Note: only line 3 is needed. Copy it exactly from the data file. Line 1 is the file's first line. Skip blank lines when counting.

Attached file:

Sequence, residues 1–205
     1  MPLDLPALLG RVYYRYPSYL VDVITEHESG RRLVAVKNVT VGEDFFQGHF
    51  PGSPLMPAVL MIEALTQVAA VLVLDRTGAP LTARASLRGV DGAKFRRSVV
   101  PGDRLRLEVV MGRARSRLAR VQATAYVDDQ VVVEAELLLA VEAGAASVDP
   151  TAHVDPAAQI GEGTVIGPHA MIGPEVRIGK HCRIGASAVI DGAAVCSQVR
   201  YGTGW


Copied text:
    51  PGSPLMPAVL MIEALTQVAA VLVLDRTGAP LTARASLRGV DGAKFRRSVV